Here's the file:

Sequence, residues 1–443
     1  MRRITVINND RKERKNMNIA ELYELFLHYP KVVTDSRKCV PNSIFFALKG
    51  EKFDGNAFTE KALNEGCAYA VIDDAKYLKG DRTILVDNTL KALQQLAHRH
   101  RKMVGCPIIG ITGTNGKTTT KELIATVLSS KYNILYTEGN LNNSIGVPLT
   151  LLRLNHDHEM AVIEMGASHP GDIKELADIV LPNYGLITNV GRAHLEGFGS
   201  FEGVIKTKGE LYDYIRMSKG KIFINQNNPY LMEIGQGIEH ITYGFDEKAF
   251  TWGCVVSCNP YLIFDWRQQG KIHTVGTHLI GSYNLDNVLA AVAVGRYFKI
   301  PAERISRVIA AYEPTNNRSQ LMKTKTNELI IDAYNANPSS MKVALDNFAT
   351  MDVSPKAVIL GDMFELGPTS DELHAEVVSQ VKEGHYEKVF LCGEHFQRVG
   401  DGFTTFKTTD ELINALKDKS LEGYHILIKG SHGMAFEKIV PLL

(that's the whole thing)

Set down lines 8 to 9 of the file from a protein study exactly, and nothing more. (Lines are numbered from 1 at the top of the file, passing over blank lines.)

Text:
   301  PAERISRVIA AYEPTNNRSQ LMKTKTNELI IDAYNANPSS MKVALDNFAT
   351  MDVSPKAVIL GDMFELGPTS DELHAEVVSQ VKEGHYEKVF LCGEHFQRVG